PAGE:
Threats, anger ev­i­dent in Hall’s calls

Jury hears ac­com­plice in case be­rat­ing slain woman’s mother, court, own fam­ily

Austin American-Statesman - - FRONT PAGE - By Steven Krey­tak

A dis­turb­ing por­trait of Laura Ashley Hall was re­vealed in court Thurs­day as pros­e­cu­tors played jail phone call record­ings of Hall threat­en­ing the mother of murder vic­tim Jen­nifer Cave, talk­ing about track­ing down ju­rors from her case and re­peat­edly dis­parag­ing her par­ents.

“She’s go­ing down,” Hall said in an Au­gust 2008 call, ap­par­ently re­fer­ring to Cave’s mother, Sharon Sed­wick. “I don’t know how, and I don’t know when, but she’s go­ing down.”

The calls were played dur­ing the third day of the 26-year-old Hall’s sen­tenc­ing re­trial. She stands con­victed of tam­per­ing with ev­i­dence and hin­der­ing ap­pre­hen­sion in Cave’s murder.

A Travis County jury is ex­pected to hear clos­ing argu-

Con­tin­ued from A1 ments this morn­ing be­fore de­cid­ing her pun­ish­ment. She faces up to 10 years in prison on the tam­per­ing charge and up to a year for hin­der­ing ap­pre­hen­sion.

Hall was con­victed in 2007 and sen­tenced to five years. An ap­peals court up­held the con­vic­tions but over­turned the sen­tence.

For­mer Uni­ver­sity of Texas stu­dent Colton Pitonyak is serv­ing 55 years in prison for Cave’s murder. Pros­e­cu­tors con­tend that Hall, also an exUT stu­dent, helped Pitonyak in dis­mem­ber­ing Cave’s body in an aborted cover-up and driv­ing him to Mex­ico.

Hall has main­tained her in­no­cence to po­lice and in me­dia in­ter­views, say­ing that she was in Pitonyak’s apart­ment af­ter the killing but did not par­tic­i­pate in the mu­ti­la­tion and did not call po­lice be­cause she was afraid of him.

She con­tin­ued to as­sert her in­no­cence through­out the ap­prox­i­mately 1½ hours of phone calls played for ju­rors Thurs­day, most of them with fam­ily mem­bers.

In one call from Jan­uary 2008, Hall spoke to her grand­mother about a re­cently aired “48 Hours Mys­tery” TV show that fo­cused on her case. She asked her grand­mother how she sounded and said: “I thought that dead girl’s mom sounded like a real mo­ron.”

“Yeah, oh yeah,” her grand­mother, Ardith Mosley, re­sponded.

In a call be­tween Hall and her par­ents later that month, Hall asked her mother, Carol Hall, what the peo­ple at her work thought of the show.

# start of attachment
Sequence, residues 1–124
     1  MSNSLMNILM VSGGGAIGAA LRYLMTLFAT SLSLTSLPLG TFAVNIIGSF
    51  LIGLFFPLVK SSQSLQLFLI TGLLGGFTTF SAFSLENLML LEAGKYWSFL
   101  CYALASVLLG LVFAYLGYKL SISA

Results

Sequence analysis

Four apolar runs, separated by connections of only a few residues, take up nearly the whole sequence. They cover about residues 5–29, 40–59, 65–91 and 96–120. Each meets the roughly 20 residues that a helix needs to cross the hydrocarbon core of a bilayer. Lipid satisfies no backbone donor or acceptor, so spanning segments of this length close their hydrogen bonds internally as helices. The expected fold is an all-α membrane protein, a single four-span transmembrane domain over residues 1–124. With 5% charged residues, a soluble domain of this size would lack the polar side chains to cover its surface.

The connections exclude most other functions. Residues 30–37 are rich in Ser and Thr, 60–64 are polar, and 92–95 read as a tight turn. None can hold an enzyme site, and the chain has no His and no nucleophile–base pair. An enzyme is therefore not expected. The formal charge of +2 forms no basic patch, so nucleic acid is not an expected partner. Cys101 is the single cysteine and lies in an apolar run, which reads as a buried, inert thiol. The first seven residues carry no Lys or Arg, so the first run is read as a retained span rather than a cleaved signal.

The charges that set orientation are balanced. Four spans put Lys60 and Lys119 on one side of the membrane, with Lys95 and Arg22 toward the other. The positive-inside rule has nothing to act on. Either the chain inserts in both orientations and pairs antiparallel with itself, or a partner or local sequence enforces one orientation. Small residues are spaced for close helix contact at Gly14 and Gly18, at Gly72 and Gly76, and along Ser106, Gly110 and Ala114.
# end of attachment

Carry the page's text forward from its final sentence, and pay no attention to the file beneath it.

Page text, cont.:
Carol Hall told her daugh­ter that they thought the worst thing about her is that she got a “Colton” tat­too shortly af­ter the murder.

Hall’s mother said peo­ple in jail who said bad things about Sharon Sed­wick, right, talked to ju­rors Thurs­day about her slain daugh­ter, Jen­nifer Cave, the horror of Cave’s dis­mem­ber­ment and the un­ease about not see­ing her body be­fore burial. the tele­vi­sion show “hated that you were on TV and they weren’t.”

Through­out the calls, Hall sounded in­creas­ingly des­per­ate to get out of jail, threat­en­ing vi­o­lence and sui­cide if her par­ents would not pay a bonds­man about $16,000.

She told her grand­mother at one point: “I’ve lost ev­ery­thing. I re­ally have noth­ing to live for.”

She told her mother “I will kill you” when she re­fused to pay for Hall’s re­lease.

Hall told her fa­ther in Fe­bru­ary 2008 she didn’t want to go prison: “I’ll get an as­sault charge if they try to take me and pos­si­bly even a murder charge.”

Later, Hall said: “I don’t have to act crazy. They know I’m crazy. I’m be­yond crazy. I al­most at­tacked some­body yes­ter­day.”

In an­other call, she told Mosley: “Then we have garbage like Sharon (Sed­wick) be he­roes. God. God help us,” Hall told her grand­mother of the murder vic­tim’s mother.

“Yes, that’s just the truth,” Hall’s grand­mother said.

Hall then said, “That trash gets pity. God help us.”

In March 2009, Hall spoke to Nesta Ger­berd­ing, some­one pros­e­cu­tors sug­gested she had met in jail. She told Ger­berd­ing: “I’m go­ing to find out who’s on my jury, and I’m go­ing to say re­ally nasty stuff to them. ... You ru­ined my life you (ex­ple­tive.)”

Sed­wick sat qui­etly next to her hus­band, Jim, in the front row of court while the calls were played.

She tes­ti­fied later in the day that she is afraid of Hall and is more at ease with her in jail. Since her 2005 ar­rest, Hall has been in jail for about two years and free on bail for about three years.

Sed­wick noted that Hall “has never once re­ferred to Jen­nifer by her name” and told the jury a bit about her daugh­ter.

Cave grad­u­ated from high school in Cor­pus Christi and had just got­ten a job at a law firm when she was killed. She re­called her daugh­ter’s deep blue eyes.

“I seeded her grave with blue­bon­nets be­cause of the blue,” she said.

Sed­wick also shared the horror of hav­ing her daugh­ter dis­mem­bered and her un­ease that she never got to see her daugh­ter be­fore she was buried.

“Every­time I visit her grave I say, ‘I hope her hands made it. Did she have ear­rings on? Were her toes painted?’”

Hall had no dis­cernible re­ac­tion when Cave spoke.

She be­gan to sob loudly as her fa­ther tes­ti­fied later in the day as a de­fense wit­ness that he would help make sure that she was suc­cess­ful if given pro­ba­tion. Loren Hall said his daugh­ter suf­fers from bipo­lar dis­or­der.

On cross-ex­am­i­na­tion, pros­e­cu­tor Al­li­son Wet­zel opened her ques­tion­ing by ask­ing him: “Did her bipo­lar dis­or­der cause her to cut Jen­nifer Cave’s head off ?”

Laura Hall ‘She’s go­ing down,’ Hall said about vic­tim’s mother in phone call.

Jay Jan­ner

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